On January 19, Robert Crick, the leader of the Vision Group for Sidmouth, gave a witty and penetrating talk at the Manor Theatre about the state of the town’s government.
The District Council’s recent proposals to build 16,400 dwellings over the next few years led a substantial body of protesting citizens to converge on the Knowle and the proposals were withdrawn. The County Council had, in the meantime, condemned the proposals for their lack of vision. The related proposal for 250 more homes and an employment park within the Area of Natural Beauty surrounding Sidmouth met a similar fate. However, in Robert Crick’s view, housing is not the only issue on which our Councils are falling short.
He listed the threats to the town’s survival and well-being by enumerating the Vision Group’s failures in its six-year life. To quote him:
“Sidmouth has no town plan
Sidmouth has no community flood plan
There no planning brief for Sidmouth’s eastern town
East Devon has not endorsed the Shoreline Management Plan
- 1 Fire service appoints former police sergeant as ambassador for road safety initiative
- 2 Trio gear up for 'banger' car rally in aid of Motor Neurone Disease charity
- 3 Waves of enthusiasm for Sidmouth Sea Fest
- 4 Drunken gunman 'nearly shot dead' by police in village confrontation
- 5 Arson attack destroys Ottery NHS worker's car
- 6 Plan unveiled to restore 'magical' hidden garden in Sidmouth
- 7 Farmers' naked calendar is a smash hit for charity
- 8 Three Sidmouth sites included in review of East Devon employment sites
- 9 Ottery's Animal Rescue Centre holds anniversary fundraising event
- 10 Sidmouth's Fire Beacon Hill will live up to its name in Jubilee ceremony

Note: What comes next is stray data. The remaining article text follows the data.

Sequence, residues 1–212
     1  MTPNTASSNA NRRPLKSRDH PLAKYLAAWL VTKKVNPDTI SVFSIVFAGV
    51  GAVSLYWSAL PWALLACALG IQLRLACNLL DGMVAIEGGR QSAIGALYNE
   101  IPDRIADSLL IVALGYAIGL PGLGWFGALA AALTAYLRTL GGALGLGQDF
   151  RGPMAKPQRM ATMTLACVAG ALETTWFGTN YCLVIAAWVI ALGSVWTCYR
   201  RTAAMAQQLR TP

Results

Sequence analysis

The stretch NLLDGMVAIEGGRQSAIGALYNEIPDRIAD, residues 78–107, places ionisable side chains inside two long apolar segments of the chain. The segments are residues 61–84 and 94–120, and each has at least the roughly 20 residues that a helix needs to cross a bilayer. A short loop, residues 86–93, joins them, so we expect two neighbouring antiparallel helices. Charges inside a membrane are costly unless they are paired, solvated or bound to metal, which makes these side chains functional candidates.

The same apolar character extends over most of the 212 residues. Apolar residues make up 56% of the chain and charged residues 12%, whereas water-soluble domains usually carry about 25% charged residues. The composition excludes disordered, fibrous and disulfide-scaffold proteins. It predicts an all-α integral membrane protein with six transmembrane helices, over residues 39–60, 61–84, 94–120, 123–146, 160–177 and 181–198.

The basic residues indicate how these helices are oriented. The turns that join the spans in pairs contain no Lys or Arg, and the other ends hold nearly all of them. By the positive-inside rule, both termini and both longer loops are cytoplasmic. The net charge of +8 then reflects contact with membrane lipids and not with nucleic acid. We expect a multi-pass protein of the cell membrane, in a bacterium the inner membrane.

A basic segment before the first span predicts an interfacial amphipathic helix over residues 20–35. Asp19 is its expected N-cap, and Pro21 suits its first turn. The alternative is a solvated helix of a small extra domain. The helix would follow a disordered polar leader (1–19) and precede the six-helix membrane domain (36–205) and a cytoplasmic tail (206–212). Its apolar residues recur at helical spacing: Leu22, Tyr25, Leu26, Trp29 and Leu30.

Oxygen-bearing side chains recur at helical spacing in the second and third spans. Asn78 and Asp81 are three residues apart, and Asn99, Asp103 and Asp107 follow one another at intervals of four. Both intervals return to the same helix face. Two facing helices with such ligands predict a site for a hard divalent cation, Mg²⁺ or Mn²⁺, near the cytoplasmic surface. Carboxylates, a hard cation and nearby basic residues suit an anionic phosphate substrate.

East Devon has no Local Development Framework
East Devon has not adopted the 1999 Sidmouth Conservation Area appraisal nor consulted on the 2009 Conservation review.”
That any self-respecting council has all or most of these things is true, but not really the point. Government and County listen to the District Council, but without formal documents that express a town council view, the District Council is, to a degree, in the dark and has to guess what the relevant electorate wants. The other towns in the District assert their wishes firmly, in the proper form, while Sidmouth seems to sit back and complain that other towns get all the money. As things are, key issues are liable to be settled by people giving undue weight to lobbyists or personal opinions.
Mr Crick went on: “For example, the Shoreline Management Plan has been developed by the Environment Agency over several years with active inputs from local citizens. The Sid Vale Association played a significant role in getting formal recognition in this Plan for the special problems east of the mouth of the Sid at Pennington Point. Two weeks ago, I watched the debate on this Plan at the Knowle. There was no debate. Somebody from Exmouth said she thought the plan might put their cricket field at risk, so our Council decided not to endorse the Plan. We shall, therefore, get no resources to protect our shoreline.”
Our councillors are nice people, well-intentioned to a fault, but many of them do not seem to grasp how government works, or, indeed, to be interested in politics above local level. Why, otherwise, did they fail to foresee this outcome and so allowed one little local interest to over�ride the work of numerous others? Is it not possible for EDDC to revisit the Shoreline Plan?
How many other chances to secure government finance have been let go in recent years because of this kind of inattention? What do concerned citizens like the Sid Vale Association or the Vision Group have to do to make sure that their labours are not in vain?
21 Newlands Close, Sidmouth